Funnily enough, it does. Two clones of different control groups, distinguished by a natty earring, accidentally meet. This, for no readily identifiable reason is a bad thing from the shadowy controllers standpoint, but from a scientific experiment viewpoint they decide not to ‘reprogram’ these two and watch what unfolds. Most of the clones are kept artificially dimwitted and docile but some are not, for no readily identifiable reason. This chance meeting, for no readily identifiable reason sets their minds turning and soon Richard (Tim Donnelly) and Lena (Paulette Breen) have what would be secret if not for the hidden surveillance cameras meetings that see them turn from strangers to friends to lovers. Awww, kittens. Pleasant perhaps, but not worthy of a film in itself unless something unexpected were to happen.
Funnily enough, it does. Richard figures out that something a little odd is going on here, triggered by finding a can labelled ‘Milwaukee’ floating in the river. The explanation that Milwaukee is a rare mineral found in certain parts of the river understandably doesn’t sit right with Richard. Breaking into the control building one night he discovers the horrible truth, outlined above, a makes a break for it pursued by a guard force fully prepared to shoot him to keep their secrets buried. Strangely, this seems neither too difficult nor to take too long. Showing up harassed, bedraggled and beshot-in-the-arm on a retired reporters doorstep with a videocassette of evidence of the Clonus Corporation’s wrongdoing, Jake Noble (Keenan Wynn) helps him track down his other half, for lack of a better term, philosophy professor Prof. Richard Knight (David Hooks). An odd choice perhaps, but can soon be tracked back to his presidential candidate brother Frank Knight (Peter ‘Mission Impossible’ Graves).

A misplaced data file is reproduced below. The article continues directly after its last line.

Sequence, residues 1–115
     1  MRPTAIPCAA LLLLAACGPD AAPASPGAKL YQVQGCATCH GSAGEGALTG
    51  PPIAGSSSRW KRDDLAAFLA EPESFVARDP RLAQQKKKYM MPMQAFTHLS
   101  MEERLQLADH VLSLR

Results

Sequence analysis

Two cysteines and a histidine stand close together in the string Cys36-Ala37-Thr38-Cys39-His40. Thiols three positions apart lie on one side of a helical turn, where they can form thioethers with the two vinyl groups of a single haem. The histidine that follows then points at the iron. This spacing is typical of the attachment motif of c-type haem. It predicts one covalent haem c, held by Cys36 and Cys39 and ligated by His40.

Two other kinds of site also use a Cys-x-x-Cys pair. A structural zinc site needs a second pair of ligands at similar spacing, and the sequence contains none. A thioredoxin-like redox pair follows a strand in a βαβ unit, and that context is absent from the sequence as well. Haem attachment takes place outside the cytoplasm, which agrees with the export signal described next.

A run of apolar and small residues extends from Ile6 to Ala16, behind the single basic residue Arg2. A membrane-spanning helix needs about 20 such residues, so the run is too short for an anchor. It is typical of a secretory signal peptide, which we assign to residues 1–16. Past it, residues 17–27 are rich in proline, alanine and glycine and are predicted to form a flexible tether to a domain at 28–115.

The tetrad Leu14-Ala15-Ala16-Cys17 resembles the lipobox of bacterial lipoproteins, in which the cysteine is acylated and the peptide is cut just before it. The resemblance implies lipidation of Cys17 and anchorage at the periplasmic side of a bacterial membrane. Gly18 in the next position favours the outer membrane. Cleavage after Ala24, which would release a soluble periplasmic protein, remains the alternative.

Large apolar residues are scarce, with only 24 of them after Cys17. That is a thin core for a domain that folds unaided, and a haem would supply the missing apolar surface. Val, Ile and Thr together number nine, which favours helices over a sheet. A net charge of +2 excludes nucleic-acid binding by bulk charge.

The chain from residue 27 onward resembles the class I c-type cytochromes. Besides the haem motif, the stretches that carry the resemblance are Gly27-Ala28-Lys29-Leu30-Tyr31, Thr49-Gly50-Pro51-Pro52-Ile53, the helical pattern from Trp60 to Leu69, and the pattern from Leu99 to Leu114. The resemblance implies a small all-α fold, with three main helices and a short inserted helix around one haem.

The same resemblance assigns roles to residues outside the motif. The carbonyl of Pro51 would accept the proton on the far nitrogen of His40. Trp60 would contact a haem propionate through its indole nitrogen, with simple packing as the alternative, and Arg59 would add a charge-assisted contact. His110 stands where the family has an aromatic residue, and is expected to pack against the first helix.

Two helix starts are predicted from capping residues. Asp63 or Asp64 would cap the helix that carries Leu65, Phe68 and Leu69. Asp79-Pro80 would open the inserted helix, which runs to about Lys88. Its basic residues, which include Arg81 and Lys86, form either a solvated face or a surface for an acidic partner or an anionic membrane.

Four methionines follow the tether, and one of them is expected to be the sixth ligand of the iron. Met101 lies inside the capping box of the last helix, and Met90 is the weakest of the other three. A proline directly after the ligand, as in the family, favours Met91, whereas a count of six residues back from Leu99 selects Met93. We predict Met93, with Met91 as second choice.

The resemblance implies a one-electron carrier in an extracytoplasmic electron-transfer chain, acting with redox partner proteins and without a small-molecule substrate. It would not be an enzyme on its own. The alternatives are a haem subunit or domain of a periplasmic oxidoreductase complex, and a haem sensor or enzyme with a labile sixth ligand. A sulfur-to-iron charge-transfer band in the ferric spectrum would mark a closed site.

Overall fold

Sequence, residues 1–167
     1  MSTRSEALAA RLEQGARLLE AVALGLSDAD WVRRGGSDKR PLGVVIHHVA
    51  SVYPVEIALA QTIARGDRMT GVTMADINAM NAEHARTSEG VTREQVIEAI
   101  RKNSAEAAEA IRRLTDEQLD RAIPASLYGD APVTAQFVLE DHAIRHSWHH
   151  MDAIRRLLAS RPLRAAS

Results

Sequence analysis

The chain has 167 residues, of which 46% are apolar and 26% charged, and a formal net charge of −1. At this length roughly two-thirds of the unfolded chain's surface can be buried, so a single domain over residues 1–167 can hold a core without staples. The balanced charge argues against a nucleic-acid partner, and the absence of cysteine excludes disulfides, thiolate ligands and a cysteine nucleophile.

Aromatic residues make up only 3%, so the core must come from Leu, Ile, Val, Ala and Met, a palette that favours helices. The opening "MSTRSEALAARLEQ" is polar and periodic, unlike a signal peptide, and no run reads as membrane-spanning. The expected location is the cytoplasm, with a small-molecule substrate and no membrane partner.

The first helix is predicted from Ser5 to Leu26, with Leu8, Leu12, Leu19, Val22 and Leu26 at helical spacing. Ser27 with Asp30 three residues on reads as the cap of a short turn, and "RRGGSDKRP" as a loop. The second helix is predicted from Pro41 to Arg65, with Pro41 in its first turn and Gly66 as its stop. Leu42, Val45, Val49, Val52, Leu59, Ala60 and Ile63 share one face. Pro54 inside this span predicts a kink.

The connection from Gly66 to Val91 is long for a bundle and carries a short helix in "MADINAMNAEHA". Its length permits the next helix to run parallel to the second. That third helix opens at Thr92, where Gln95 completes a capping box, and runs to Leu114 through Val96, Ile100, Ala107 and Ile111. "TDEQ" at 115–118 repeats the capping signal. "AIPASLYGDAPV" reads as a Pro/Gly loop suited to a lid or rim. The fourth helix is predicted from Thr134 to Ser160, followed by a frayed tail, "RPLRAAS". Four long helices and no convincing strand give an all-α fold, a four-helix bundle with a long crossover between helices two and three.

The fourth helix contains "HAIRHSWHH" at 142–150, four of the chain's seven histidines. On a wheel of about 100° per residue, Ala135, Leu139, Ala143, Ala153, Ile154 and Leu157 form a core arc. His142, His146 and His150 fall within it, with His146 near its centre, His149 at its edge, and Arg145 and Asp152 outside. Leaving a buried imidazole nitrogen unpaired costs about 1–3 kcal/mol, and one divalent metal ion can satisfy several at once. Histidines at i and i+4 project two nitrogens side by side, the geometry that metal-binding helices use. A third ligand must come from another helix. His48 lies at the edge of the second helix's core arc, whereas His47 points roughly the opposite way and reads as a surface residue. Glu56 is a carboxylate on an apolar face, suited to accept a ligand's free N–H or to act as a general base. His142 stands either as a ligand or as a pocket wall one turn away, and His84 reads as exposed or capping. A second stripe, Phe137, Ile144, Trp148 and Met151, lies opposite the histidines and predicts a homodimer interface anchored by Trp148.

This marks another shift in the film, having gone from attempting with limited success to be a foreboding mystery (being told everything that would have made it a mystery in the first five minutes sort of puts the kibosh on that) to a somewhat underwhelming chasey type actioner to being something of a question of morals, as the Prof. has to balance his ethical issues and urge to go public with the truth with the understandable benefits that a backup younger, healthier body could provide as well as Frank’s complicity. Still, you have to wonder if the higher ups in this little enterprise are entirely happy with this little information containment malfunction and what remedial reality correction may have to be undertaken using their ‘amnesia ray’, or Colt .45 as they like to call it.